Former Co-Chair, UN Environment Programme Finance Initiative
“The proper governance of companies will become as crucial to the world economy as the proper governing of countries.”
James Wolfensohn, Former President of the World Bank.
Good governance is about ensuring the proper use of entrusted power. Today, global companies have huge influence. So, the way we govern them really matters.
Central to good governance is accountability. That those to whom we have entrusted power can be held to account for its exercise. In the case of corporations that means the company board and its senior executives.
The information they are asked to provide is of value in two ways. First it allows the principals to take appropriate action, since they know what their agents have been doing. (That is what economists call ‘exogenous’ information.) But more important agents will act in a way which ensures that the account given, is one which will be viewed positively—just as a student will study the appropriate subjects to pass an exam. As Nell Minnow cheekily remarked, “boards of directors behave like subatomic particles ‘differently when observed’”. That is one of the reasons that ‘you get what you measure’. (Economists call this sort of information ‘endogenous’.)
So we need to decide what we want companies to do, in order to decide what we should measure.
A generation ago the answer to that question would almost exclusively have been about private financial returns. It reflected what is now regarded as the extreme worldview of Milton Friedman; the only responsibility of business is to make a profit. But even Friedman noted that “the corporate executive is an employee of the owners of the business… [with a responsibility] to conduct the business in accordance with their desires”.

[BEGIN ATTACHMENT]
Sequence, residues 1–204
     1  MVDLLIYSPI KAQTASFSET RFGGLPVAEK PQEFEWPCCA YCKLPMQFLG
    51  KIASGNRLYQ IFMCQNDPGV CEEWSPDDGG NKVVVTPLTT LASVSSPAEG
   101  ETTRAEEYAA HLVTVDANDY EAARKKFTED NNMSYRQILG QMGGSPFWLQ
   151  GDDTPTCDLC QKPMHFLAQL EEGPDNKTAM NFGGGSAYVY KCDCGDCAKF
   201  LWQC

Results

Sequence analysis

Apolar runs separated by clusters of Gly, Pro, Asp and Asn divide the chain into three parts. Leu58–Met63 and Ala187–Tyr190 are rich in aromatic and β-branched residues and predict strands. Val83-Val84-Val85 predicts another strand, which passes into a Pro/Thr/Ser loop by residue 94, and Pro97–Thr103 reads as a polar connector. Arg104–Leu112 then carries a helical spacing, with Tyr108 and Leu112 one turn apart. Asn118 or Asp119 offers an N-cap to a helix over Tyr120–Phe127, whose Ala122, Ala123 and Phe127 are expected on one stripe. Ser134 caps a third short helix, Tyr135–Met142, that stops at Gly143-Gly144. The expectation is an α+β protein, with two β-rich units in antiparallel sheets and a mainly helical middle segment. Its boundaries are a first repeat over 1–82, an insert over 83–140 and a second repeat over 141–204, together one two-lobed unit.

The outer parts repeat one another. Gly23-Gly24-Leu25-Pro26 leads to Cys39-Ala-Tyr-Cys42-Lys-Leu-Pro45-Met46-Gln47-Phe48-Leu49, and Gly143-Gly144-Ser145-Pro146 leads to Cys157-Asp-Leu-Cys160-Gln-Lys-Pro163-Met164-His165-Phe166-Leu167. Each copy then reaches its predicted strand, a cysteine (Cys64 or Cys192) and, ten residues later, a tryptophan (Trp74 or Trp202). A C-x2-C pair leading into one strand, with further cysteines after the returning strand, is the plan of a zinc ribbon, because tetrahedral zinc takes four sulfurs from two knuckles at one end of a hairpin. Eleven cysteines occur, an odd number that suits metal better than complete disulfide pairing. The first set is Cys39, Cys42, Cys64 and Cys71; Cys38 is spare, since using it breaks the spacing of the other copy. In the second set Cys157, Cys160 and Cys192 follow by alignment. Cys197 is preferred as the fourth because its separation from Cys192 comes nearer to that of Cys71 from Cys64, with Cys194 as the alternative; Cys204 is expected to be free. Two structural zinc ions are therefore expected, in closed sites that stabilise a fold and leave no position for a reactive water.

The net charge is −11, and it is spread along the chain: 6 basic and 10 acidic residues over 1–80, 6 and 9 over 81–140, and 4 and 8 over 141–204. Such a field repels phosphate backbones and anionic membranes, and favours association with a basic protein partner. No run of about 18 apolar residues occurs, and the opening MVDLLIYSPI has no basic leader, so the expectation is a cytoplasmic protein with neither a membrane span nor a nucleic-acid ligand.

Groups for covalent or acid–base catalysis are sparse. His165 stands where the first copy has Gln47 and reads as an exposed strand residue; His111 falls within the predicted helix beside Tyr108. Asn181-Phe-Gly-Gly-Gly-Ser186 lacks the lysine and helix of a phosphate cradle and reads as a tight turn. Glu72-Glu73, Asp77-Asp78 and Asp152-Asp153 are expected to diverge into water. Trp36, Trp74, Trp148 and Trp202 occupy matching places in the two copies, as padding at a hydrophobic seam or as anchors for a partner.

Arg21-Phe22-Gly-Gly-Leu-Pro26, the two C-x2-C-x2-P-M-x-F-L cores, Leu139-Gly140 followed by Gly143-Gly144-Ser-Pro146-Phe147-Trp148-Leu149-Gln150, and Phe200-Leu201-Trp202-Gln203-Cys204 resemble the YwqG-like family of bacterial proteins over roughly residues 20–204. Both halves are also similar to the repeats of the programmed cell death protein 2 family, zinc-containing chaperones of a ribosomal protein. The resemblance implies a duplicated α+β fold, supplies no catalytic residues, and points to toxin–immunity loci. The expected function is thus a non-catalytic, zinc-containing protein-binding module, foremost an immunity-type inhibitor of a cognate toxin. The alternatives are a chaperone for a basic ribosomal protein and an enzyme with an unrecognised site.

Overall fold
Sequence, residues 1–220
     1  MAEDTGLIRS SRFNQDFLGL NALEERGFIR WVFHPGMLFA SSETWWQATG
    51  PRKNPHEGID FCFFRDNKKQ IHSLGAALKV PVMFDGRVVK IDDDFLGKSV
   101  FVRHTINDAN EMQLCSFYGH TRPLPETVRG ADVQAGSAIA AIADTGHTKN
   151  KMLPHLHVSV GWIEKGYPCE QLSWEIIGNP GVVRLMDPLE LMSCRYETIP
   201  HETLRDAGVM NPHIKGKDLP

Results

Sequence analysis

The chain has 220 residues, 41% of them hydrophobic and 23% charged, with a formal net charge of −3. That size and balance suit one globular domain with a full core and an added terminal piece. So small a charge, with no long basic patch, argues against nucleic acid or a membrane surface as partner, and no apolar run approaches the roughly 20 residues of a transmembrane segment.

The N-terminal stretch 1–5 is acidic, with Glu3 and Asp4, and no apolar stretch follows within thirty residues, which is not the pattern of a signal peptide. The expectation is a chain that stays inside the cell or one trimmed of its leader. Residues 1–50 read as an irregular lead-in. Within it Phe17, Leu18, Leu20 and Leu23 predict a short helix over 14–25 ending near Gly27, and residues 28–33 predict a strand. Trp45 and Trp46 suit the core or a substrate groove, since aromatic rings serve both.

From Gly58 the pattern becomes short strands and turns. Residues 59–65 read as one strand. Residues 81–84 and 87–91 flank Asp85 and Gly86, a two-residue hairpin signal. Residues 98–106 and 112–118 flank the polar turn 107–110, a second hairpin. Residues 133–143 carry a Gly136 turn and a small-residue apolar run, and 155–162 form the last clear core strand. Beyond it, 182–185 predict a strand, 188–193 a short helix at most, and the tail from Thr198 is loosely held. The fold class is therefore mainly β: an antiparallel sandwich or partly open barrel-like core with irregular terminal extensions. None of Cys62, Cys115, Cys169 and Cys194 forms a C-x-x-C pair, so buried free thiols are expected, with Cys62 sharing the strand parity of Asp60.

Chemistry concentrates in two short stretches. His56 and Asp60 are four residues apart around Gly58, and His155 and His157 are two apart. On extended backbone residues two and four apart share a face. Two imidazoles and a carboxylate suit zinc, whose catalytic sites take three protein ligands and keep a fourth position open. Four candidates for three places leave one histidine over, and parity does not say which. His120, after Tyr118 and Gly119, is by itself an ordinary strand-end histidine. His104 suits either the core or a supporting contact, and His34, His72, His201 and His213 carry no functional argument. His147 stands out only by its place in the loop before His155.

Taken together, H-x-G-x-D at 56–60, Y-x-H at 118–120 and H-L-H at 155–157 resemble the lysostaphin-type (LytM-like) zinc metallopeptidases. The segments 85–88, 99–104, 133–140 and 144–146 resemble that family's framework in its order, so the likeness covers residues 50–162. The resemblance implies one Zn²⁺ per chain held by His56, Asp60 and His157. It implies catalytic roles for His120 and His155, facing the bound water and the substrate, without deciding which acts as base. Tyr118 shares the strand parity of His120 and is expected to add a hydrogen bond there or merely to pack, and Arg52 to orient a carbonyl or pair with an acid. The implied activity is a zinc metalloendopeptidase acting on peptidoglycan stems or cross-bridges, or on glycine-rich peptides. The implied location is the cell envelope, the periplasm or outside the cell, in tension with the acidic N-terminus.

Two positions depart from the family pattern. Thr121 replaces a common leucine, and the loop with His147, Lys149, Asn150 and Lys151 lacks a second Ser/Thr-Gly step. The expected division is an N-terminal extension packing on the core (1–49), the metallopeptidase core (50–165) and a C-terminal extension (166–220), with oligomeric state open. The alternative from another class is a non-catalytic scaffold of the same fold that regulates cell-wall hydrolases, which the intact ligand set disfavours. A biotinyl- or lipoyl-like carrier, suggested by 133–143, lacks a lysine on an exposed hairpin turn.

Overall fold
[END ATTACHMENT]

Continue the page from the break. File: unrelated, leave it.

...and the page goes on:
So what do today’s owners want from the companies whose shares they hold? Let’s remember that the ultimate beneficial owners of most big businesses are millions of people saving for long-term pensions. They are invested in hundreds of companies. They don’t want short-term profit myopia that does not create long-term value. It cannot be in the interest of such shareholders for companies to behave in an antisocial fashion, or to destroy the environment in which the owners live. Of course owners want companies to make a profit, but not one which is made by stealing from Peter to pay Paul.
That is why we are seeing such a growth in the responsible investment movement. It underpins the demand that companies be ‘purposeful’. They need to know not just about financial returns, but about other impacts, on physical, human and intellectual, on social and natural capital.
And that is just the owners. Stakeholders will be even more concerned about these matters.
Let’s not forget that the reason we want this is to enhance accountability. I am often aghast at CEOs who declare they want to run their companies purposefully, but not to be made accountable to shareholders or anyone else. These kings have no clothes.
We also need to be sure that we use existing systems of reporting and accountability before finding new ones. For example, until recently corporate accounts were valuing ‘stranded assets’, whose worth was entirely incompatible with a sustainable climate. To allow this to happen while engaging in erudite discussions about next generation reporting is at best self-deluding, at worst hypocritical.
Finally, we need to find reporting frameworks upon which we can agree. Today we have scores of them, which allows companies to pick and choose. That is not a recipe for rigorous accountability.
But what is clear is that good governance requires accountability. The future of corporate reporting must be directed towards that goal.